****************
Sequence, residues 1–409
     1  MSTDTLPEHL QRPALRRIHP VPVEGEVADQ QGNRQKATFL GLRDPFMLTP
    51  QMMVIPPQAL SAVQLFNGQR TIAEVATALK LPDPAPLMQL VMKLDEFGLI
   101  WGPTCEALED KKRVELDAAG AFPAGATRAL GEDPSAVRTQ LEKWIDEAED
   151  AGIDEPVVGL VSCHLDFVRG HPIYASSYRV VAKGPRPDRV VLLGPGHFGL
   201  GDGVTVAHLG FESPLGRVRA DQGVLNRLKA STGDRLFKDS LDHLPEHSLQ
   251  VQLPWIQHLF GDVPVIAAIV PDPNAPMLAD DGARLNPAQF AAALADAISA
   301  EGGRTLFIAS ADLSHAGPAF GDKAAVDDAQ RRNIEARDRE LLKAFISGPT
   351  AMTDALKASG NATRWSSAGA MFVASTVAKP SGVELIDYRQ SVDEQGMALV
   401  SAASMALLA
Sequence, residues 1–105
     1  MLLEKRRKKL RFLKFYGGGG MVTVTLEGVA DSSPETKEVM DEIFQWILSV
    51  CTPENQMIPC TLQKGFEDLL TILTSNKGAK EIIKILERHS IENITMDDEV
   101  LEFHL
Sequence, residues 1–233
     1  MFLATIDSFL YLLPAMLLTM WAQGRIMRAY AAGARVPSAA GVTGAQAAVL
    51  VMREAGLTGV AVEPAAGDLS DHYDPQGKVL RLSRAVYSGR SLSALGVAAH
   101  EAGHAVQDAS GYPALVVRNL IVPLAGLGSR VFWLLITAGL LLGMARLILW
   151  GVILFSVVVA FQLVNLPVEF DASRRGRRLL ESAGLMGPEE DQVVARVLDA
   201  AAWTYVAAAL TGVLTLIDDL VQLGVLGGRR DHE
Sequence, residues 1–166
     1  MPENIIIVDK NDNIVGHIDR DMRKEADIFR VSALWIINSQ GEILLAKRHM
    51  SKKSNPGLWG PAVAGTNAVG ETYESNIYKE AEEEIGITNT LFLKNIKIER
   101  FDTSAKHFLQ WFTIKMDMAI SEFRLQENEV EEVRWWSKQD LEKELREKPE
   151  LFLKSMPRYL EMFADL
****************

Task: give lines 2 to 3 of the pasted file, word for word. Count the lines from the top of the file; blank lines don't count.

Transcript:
     1  MSTDTLPEHL QRPALRRIHP VPVEGEVADQ QGNRQKATFL GLRDPFMLTP
    51  QMMVIPPQAL SAVQLFNGQR TIAEVATALK LPDPAPLMQL VMKLDEFGLI